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‘Abd al-Rahman

II

decided to send a return legation to the

Viking camp. It was this mission that was headed by Al-

Ghazal, since, according to Ibn Dihya, he had “a sharp mind,

and a quick inventiveness; he was savvy at replying, he was

brave, had perseverance, and knew how to cross all doors.”

The account begins just as Ibn Hayyan’s story of the Constan-

tinople embassy begins: a storm delayed Al-Ghazal upon setting

out in the company of a foreign ambassador. Then he arrived

at the Viking camp “on an island or peninsula” that scholars of

Norse history have identified as possibly Denmark’s Jutland Pen-

insula, but more likely it was Ireland. Although some Vikings had

recently become Christians, Ibn Dihya described them as pagan

devotees of fire cults, using for them the name

Al-Majus

, or Mag-

ians, the same given to fire-worshipping Zoroastrians and the

word from which English gets

magician

.

In what may be the clearest of Ibn Dihya’s alleged plagia-

risms, Al-Ghazal told his hosts he would not kneel before any

sovereign but his own, and yet, as in Constantinople,

the door to the Viking throne room was of low clear-

ance, so that this time he scooted in feet first, sitting,

so that the soles of his shoes approached closest to the

king. If true, it was another quick-thinking but plau-

sibly deniable gesture to gain the upper hand; if false,

it was merely a cut-and-paste of the Constantinople

account to a more exotic locale.

Having delivered ‘Abd al-Rahman’s letter and

trunks of luxurious gifts, he is said to have again exer-

cised arts of seduction on his host’s royal consort, in

this case the Queen Nud. Ibn Dihya recounted the

poet’s version of the encounter: “I swear that she had

certain charm, but I won her favor by talking to her in

a way so that I got more than I wanted.” He goes on

to say that Al-Ghazal’s Arab companions had to inter-

vene to silence the poet, lest the indiscretion go too far.

Despite the similarities, one reason to think

Ibn Dihya’s version was at least based on a now-

lost contemporaneous account is that some of

Al-Ghazal’s poems here are not found in other

chronicles, and they read as if they were written

specifically for the moment at hand. At one point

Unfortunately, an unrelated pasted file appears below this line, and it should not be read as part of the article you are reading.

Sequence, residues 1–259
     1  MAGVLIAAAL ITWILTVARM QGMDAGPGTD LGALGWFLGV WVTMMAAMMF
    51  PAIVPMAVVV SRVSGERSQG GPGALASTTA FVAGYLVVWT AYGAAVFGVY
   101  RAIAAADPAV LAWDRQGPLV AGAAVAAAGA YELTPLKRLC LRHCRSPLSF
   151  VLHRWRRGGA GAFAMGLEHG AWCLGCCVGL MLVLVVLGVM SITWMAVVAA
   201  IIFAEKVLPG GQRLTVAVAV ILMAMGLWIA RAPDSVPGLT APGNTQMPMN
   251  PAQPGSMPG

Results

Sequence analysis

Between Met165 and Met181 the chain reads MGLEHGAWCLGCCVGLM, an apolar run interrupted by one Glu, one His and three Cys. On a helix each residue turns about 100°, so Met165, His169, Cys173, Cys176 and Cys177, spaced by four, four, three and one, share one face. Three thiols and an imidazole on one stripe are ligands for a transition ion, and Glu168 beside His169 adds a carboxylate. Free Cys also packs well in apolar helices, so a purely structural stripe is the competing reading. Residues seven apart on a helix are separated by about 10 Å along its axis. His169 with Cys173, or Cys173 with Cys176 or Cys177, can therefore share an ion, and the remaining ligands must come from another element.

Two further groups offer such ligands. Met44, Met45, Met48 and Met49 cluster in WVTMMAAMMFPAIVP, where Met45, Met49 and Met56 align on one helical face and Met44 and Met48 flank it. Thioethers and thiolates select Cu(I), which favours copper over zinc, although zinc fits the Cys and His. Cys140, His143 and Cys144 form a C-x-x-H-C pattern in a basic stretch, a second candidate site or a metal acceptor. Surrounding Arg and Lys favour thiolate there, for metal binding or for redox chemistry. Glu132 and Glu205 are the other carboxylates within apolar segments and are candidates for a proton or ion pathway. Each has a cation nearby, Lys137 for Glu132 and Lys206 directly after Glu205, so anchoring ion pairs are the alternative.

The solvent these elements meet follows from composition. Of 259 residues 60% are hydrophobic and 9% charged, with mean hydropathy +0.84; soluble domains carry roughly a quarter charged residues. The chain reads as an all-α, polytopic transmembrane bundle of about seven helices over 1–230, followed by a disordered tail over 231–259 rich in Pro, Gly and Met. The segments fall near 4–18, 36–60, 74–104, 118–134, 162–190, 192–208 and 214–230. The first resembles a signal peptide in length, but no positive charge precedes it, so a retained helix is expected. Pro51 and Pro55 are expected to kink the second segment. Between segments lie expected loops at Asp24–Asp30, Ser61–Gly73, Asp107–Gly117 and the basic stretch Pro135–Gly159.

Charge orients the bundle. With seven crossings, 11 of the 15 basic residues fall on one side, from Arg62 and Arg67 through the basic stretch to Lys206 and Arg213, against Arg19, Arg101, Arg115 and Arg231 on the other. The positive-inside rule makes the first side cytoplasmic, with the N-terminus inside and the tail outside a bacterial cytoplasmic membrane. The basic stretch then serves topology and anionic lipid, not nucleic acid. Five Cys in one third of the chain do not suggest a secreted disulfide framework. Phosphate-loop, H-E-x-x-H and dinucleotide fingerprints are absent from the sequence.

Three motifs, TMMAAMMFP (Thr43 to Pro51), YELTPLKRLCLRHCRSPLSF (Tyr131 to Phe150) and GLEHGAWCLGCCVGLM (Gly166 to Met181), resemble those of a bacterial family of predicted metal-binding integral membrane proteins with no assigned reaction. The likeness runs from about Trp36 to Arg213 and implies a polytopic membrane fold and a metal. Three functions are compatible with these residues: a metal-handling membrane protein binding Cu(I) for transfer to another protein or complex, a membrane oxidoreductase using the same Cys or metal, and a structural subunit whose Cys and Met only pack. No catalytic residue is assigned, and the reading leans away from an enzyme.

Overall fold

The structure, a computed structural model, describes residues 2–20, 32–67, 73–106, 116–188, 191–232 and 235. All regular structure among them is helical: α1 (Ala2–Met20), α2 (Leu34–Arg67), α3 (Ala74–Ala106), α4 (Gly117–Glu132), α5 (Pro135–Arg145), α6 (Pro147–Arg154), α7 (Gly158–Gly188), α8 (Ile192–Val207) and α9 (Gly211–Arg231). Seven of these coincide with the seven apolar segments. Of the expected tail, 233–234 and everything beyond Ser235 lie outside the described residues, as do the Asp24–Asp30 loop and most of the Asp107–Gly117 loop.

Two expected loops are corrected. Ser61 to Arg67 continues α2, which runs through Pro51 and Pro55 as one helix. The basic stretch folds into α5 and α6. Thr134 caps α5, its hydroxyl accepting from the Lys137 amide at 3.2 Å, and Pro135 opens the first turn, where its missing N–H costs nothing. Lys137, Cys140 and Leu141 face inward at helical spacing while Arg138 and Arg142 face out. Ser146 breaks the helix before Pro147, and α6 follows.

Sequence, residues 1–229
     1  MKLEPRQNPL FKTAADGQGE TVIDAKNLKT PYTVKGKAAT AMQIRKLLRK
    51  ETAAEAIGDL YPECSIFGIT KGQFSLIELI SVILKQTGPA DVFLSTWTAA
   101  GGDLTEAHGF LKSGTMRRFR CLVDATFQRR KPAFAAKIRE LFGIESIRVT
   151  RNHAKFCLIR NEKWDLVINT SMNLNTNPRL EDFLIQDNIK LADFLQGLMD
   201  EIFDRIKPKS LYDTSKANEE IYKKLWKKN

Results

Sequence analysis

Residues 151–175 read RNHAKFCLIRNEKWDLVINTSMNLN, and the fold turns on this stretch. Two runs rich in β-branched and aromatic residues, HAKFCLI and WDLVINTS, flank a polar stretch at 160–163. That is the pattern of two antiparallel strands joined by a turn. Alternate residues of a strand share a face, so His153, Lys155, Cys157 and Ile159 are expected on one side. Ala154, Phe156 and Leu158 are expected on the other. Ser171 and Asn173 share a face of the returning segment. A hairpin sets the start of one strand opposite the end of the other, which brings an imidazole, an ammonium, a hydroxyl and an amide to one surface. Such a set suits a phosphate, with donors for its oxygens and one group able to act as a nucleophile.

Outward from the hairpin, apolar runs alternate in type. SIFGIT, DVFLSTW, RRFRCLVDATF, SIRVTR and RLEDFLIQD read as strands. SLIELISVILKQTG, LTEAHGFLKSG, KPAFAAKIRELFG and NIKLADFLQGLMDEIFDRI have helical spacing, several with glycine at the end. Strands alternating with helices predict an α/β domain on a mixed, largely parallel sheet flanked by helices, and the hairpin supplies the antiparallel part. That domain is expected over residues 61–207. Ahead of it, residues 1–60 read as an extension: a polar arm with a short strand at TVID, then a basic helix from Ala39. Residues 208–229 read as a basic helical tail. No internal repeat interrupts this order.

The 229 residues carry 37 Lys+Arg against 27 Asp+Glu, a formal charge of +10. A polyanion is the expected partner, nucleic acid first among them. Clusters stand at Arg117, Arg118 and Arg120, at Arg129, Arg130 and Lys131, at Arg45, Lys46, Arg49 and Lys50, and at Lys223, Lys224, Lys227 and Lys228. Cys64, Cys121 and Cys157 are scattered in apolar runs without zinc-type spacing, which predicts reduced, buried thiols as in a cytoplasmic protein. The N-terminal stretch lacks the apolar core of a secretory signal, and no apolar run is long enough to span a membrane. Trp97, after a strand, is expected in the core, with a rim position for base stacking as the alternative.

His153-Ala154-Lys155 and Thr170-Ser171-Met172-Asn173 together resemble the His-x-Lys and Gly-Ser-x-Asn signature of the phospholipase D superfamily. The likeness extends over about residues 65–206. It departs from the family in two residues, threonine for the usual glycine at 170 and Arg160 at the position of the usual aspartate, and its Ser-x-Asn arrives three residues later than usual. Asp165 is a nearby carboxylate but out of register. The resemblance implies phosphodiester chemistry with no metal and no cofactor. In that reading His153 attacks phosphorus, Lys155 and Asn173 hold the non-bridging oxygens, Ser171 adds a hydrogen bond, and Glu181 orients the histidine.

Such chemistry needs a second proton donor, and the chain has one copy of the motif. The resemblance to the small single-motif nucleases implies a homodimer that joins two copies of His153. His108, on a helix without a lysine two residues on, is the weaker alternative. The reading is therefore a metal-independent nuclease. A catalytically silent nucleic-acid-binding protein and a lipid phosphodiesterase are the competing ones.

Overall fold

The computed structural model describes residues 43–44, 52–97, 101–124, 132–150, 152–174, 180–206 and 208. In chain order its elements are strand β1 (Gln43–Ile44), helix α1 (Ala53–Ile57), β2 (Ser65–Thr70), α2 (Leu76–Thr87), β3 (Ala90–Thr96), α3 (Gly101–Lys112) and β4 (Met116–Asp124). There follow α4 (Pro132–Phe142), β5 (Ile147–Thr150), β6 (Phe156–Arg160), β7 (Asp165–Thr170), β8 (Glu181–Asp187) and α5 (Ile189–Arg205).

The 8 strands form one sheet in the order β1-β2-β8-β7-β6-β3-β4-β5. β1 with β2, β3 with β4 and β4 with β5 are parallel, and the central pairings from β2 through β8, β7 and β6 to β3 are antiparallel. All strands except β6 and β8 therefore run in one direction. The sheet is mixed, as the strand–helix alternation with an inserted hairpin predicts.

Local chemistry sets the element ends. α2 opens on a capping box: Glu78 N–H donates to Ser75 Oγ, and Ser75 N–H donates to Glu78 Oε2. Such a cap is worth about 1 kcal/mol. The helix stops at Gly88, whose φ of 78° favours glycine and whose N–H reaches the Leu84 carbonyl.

the Viking queen suggests that her guest darken

his white hair with dye so as to look younger. His

answer could not have been more sharply put:

Do not disregard the shine of white hair!

It is the flower of understanding and intelligence

I have now what you’ve longed for from your

own youth,

Good manners and education.

He returned to Córdoba after an absence of 20

months, in the summer of 846, when he was more

than 70 years old. While some authors say he reached

94, the most accurate source may be one of his own

verses, written not long before he died:

I have lived thirty years and some more,

Plus thirty-two.

The first third part of them flirting

The second part living in sin,

And the third part deep in an abyss

Where my pity and faith are lacking.

But how finally might one settle the question whether

Al-Ghazal headed one or two ambassadorships—the one to

Constantinople, and the other, possibly, to Ireland? There

may be a hint in a bite of Spain’s tastiest variety of fig. It’s

called the

doñegal

, and it is said to have been introduced

to Al-Andalus by Al-Ghazal—from Constantinople. But

why use that name? “Donegal” is an Old Irish word mean-

ing “fort of the foreigners.” What, we might wonder today,

would the Gazelle say about that?

March/April 2015

43

“Travelers of Al-Andalus” is a six-part series selected and adapted from

the original 41-part series “El Viajero Histórico,” an idea and production

by Ana Carreño Leyva in

El Legado Andalusí: Una Nueva Sociedad

Mediterránea

, the magazine of the Andalusian public foundation El

Legado Andalusí, based in Granada, Spain, from 1990 through 2010.

This article appeared in issue number 20, titled “

Al Gazal: De Bizancio

al País de los Vikingos

.”

(www.legadoandalusi.com

)

Jesús Cano

is a writer living in Spain.

Louis Werner

([email protected]

msn.com) is a writer and filmmaker living in New York.

Belén Esturla

([email protected]

) is an artist and illustrator in Granada, Spain.